The Scarlet Gospels

Clive Barker
The Scarlet Gospels Cover

The Scarlet Gospels


Clive Barker is not for everyone. That needs to be stated from the start. A reader needs a strong stomach to enjoy his stories. They are horrific and violent. There is violent sex and profanity. If the only previous experience a reader has is his YA series Abarat, some of his adult work may come as a shock. Or maybe not, I mean almost everyone knows that the Hellraiser movie franchise is based on Mr. Barkers Novella "The Hellbound Heart." If you've seen that movie there must be some inkling of his writing.

I bring this up because The Scarlet Gospels is the sequel to "The Hellbound Heart." To be honest, reading the first novel would not necessarily be required to understand what was going on, but it might help.

Mr. Barker is not only an author, but is also an artist and that is why his novels are so amazing. He is able to paint very, very, disturbing images with his words. While reading The Scarlet Gospels, I was able to visualize the hell created by his words. The fact that he brings together "Pinhead" and Harry D'Amour, two of his most famous characters in this novel in a grand (and final) showdown only added to the excitement. There really was ambiguity as to who would be victorious in the end. Once I started this novel, I could not put it down!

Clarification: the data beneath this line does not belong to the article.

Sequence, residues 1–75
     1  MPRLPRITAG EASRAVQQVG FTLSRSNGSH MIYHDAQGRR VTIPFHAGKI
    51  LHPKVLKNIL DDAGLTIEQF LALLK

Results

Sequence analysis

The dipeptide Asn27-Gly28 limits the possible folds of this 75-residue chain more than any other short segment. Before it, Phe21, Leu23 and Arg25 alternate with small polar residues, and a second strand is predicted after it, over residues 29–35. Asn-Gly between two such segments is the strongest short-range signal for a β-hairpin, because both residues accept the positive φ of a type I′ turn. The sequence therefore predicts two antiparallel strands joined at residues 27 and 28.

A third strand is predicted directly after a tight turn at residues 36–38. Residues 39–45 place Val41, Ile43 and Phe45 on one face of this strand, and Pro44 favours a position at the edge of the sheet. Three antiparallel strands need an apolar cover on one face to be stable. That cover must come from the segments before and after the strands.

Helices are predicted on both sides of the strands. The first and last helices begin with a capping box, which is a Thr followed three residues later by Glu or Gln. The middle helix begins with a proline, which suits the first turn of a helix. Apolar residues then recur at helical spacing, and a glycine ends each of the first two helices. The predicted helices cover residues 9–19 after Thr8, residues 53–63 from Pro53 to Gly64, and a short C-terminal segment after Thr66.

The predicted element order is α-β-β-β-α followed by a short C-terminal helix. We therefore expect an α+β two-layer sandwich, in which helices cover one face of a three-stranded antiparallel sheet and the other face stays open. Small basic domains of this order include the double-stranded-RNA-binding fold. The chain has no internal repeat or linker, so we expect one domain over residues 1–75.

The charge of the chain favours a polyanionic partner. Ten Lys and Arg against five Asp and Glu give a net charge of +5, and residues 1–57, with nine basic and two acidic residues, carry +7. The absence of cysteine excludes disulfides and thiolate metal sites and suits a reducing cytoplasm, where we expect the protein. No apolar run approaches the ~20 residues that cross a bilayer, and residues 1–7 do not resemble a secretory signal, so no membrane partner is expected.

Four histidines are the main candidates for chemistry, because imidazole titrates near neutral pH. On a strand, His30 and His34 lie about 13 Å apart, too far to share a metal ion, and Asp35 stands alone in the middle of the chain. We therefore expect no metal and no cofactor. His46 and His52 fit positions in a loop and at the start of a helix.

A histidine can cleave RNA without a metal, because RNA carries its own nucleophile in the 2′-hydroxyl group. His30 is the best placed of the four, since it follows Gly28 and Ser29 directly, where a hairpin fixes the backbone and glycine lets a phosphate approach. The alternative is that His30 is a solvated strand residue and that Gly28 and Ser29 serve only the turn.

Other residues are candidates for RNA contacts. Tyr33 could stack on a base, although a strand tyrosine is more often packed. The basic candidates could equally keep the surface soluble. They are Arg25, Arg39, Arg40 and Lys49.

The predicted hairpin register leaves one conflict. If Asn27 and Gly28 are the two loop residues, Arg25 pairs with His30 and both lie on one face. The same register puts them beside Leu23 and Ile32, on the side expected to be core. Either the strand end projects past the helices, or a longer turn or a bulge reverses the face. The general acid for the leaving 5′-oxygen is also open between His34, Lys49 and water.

Let us talk a bit about the book itself. Mr. Barker paints an unexpected but non-the-less horrific vision of Hell. And to me, at least, when Harry and "The Harrowers" get to Hell, which is when the novel shines. I felt like I was with the characters as they travel around the underworld.

That said, there were some minor points I would be remiss not to point out. Although the cover pits this as a Harry vs. Pinhead novel, this is really not the case. This is the story of Pinhead, referred to in most of the novel as the Hell Priest. Much of what Mr. Barker promised would be in the novel was not. It is my understanding that his original manuscript was over 200,000 words and this "final" form came in at a paltry 100,000 words. Might there be more works in the future? I for one can only hope.

4 of 5 stars